Nº 9. AÑO TRAFFICKING OF HUMAN BEINGS FOR THE PURPOSE OF SEXUAL EXPLOITATION IN SPAIN. Cristina Rechea Alberola Andrea Giménez-Salinas Framis - PDF

Description
Nº 9. AÑO TRAFFICKING OF HUMAN BEINGS FOR THE PURPOSE OF SEXUAL EXPLOITATION IN SPAIN Cristina Rechea Alberola Andrea Giménez-Salinas Framis Este informe es la parte española de un informe europeo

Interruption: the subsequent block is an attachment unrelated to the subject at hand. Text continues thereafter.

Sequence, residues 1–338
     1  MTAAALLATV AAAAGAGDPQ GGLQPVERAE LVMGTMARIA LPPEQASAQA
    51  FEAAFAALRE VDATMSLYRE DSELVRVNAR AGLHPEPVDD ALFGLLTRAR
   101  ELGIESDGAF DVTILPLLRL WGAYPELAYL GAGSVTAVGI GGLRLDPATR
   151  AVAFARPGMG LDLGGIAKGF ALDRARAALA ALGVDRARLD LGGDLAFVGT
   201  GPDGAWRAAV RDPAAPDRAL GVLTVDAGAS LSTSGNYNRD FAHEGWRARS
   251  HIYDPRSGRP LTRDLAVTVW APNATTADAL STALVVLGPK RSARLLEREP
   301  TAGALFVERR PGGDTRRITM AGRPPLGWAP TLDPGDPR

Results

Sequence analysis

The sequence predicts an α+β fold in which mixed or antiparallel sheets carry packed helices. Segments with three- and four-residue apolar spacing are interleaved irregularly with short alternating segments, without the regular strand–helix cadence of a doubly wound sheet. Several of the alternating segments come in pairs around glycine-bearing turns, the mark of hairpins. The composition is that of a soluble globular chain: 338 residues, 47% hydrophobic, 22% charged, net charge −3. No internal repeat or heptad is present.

Please download to get full document.

View again

of 19
All materials on our website are shared by users. If you have any questions about copyright issues, please report us to resolve them. We are always happy to assist you.
Information
Category:

Speeches

Publish on:

Views: 9 | Pages: 19

Extension: PDF | Download: 0

Share
Transcript